The cockpit generally feels good. Going aft there is a lot of room for the helmsman and whoever is handling the rigging. The sideways are also very wide. You can get around well on board, without having to be a tightrope walker. The sitting area, however, is a bit tighter. It is something of a trapezoid shape. To have a chat and enjoy people’s company, a tighter cockpit square is better. Having the split table is also a very good way of leaving a lot of room to get around without any trouble.
I also really liked the area below decks. I felt it was a good compromise between the design of a semi-customised boat and a production model. You get the feeling that there is a huge difference between the yard’s cruising models. And despite that, there is nothing shocking, and everything has been well done. Cleanness and simplicity are the watchwords here.
A brave choice and one that I found really convincing was not having the typical large dining table that seats ten. In any case, how often do ten people eat below decks? There is a dining table, and it is forward of the galley area and has got two parallel sofas. It seats six, which is actually the number of people that can stay on board, given that there are three cabins. And having a smaller table means you don’t block the central area of the dinette and can even have a second living area to starboard.
The only thing that didn’t convince me was the lack of a chart table. There is a technical panel, but there is absolutely spare surface area, and there isn’t even a chart plotter. The chart plotters are on deck, but when it is raining and you want to plot a route, maybe just before casting off, where do I go? Some people might say you should use a tablet, given that it can reproduce all the sailing and map data. But I believe that you need paper charts, especially if you are heading off on a cruise. Even if people no longer pull out a compass and set square and to plot a route on a “real” map, the chart table is the place where you can leave the keys to open up the tanks, the boat keys, your insurance, VHF licence, the harbour bill and a thousand and one other things.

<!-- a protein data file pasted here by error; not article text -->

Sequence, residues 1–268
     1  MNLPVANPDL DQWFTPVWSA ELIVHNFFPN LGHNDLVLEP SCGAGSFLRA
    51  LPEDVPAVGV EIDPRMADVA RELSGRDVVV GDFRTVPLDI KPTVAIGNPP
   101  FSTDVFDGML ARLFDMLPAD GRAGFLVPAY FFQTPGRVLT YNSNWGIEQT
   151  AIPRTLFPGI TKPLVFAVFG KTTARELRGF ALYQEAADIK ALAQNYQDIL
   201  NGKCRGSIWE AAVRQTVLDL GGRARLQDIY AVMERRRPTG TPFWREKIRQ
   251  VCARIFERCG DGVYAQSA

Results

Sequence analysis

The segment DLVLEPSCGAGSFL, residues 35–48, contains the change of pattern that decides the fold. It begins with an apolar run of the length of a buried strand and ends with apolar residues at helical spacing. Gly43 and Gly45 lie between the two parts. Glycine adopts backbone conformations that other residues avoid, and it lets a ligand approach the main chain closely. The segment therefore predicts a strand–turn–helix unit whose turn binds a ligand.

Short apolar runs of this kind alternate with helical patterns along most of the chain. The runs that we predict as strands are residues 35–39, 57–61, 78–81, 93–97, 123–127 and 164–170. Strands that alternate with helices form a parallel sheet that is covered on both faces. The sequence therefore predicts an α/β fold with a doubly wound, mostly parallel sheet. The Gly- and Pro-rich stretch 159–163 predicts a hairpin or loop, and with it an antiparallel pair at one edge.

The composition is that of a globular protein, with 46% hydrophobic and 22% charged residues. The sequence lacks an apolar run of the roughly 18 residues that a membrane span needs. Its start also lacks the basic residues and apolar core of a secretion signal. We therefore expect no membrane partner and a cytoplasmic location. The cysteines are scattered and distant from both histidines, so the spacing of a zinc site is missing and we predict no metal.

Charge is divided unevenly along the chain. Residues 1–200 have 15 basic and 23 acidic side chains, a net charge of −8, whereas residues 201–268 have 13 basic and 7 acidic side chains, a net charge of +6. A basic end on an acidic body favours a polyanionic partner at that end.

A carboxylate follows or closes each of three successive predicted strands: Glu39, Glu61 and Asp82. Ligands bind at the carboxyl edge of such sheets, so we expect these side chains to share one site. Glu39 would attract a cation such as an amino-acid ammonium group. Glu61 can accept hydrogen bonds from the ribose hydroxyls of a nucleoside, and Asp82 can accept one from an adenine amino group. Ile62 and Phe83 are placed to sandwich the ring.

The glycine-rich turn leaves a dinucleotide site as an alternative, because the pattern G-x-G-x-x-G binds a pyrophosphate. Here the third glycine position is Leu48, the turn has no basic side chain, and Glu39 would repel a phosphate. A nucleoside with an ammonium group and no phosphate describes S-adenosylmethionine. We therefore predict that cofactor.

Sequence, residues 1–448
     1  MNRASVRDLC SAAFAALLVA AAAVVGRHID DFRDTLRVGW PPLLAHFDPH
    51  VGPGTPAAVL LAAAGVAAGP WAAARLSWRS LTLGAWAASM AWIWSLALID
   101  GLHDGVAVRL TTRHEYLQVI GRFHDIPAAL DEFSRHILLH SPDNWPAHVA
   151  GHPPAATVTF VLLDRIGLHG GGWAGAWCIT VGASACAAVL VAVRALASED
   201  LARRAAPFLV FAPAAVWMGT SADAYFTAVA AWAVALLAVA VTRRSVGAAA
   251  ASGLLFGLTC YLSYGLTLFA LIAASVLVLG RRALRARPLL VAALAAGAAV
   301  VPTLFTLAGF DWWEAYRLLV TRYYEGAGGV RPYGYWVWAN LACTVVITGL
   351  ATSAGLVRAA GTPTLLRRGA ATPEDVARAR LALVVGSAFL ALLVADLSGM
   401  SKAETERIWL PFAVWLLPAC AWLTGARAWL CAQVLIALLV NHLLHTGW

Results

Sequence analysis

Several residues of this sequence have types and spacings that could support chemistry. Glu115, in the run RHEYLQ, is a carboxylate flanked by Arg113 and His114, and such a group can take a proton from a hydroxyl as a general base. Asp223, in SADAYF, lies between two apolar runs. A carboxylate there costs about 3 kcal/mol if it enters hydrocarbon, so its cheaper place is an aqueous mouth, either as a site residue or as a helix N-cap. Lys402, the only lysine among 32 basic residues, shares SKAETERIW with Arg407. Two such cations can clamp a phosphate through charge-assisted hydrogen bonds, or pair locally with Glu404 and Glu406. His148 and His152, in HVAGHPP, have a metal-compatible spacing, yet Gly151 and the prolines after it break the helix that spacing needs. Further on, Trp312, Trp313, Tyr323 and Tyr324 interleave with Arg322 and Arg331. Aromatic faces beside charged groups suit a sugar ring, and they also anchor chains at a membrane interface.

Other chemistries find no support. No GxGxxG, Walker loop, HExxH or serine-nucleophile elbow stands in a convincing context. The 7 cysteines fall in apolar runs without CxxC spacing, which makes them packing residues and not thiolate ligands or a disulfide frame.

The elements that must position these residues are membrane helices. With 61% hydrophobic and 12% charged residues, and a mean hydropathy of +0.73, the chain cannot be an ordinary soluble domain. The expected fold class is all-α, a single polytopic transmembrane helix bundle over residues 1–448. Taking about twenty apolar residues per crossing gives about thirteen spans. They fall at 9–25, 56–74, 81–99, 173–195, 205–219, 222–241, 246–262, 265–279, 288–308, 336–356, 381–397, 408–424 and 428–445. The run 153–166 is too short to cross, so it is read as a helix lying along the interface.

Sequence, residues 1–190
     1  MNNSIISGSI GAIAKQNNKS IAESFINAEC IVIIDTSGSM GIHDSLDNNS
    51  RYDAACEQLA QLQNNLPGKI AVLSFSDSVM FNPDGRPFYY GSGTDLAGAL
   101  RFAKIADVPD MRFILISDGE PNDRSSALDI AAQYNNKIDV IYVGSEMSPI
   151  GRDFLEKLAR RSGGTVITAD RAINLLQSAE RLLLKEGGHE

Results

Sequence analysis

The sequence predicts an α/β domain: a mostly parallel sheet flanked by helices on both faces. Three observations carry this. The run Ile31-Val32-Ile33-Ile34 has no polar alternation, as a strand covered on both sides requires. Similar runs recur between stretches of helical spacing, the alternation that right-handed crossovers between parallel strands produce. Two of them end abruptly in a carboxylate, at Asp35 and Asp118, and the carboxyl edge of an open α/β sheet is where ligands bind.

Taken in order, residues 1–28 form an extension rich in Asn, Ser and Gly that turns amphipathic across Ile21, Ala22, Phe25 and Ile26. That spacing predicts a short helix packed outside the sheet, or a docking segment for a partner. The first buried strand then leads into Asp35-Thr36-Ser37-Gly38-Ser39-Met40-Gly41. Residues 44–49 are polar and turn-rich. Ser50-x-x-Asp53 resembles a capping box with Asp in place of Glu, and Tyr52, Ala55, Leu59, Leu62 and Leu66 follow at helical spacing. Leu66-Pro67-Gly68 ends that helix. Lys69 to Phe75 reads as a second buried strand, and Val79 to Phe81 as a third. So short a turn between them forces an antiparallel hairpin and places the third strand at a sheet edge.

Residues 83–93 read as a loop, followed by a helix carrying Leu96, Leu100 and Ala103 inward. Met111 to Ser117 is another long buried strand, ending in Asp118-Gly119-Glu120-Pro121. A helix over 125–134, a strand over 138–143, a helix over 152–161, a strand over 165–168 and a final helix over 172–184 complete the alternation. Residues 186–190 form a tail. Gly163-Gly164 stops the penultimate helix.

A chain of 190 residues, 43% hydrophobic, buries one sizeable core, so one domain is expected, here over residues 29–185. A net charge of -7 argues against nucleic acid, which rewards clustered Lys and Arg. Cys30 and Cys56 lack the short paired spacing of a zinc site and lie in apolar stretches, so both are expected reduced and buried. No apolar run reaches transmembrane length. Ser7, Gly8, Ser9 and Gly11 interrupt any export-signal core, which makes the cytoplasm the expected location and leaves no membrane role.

So, the First Yacht 53 is indeed a cruiser/racer, but it looks more towards cruiser sailors than regatta participants. It shouldn’t alarm the competitors. This is not a boat that has been made to win over owners of other cruiser/racer brands, but rather to bring new ones to this kind of sailing. Thanks to the worldwide reach of the Bénéteau sales network, I reckon that over the next few years there will be more cruiser/racer owners than there are today. The First Yacht 53 doesn’t subtract, but it adds.
2 rue du Grand Large
F-85805 Saint-Gilles-Croix-de-Vie cedex, France
PROJECT: Biscontini Yacht Design (naval architecture) and Lorenzo Argento (interiors and superstructure)
HULL: LOA 17.16m • Length 15.98m • Waterline length 15.45m • Maximum beam 5.00m • Draft 2.50m • Light mass displacement 15,500 kg • Ballast 4,500 kg • Fuel tank volume 400 l • Water tank volume 720 l • Optional propulsion 110 hp (in-line) • Main propulsion 80 hp (saildrive) • Main sail 87 m2 • Genoa (105%) 78.90 m2 • Code 0 179 m2 • Spi 254 m2
EC CERTIFICATION: CAT A 10 people • CAT B 12 people • CAT C 14 people
MAIN PROPULSION: Yanmar 4JH110 • Outlet mechanical power 80.9 kW (110 hp) • Bore&Stroke 84mm x90 mm • 4 cylinders in line • Maximal rotational speed 3200/min • Swept volume 2,0 l • Dry weight 229 kg
PRICE: 579.370 €, Exclusive VAT (as standard)
(Bénéteau First Yacht 53, first time – Barchemagazine.com – January 2020)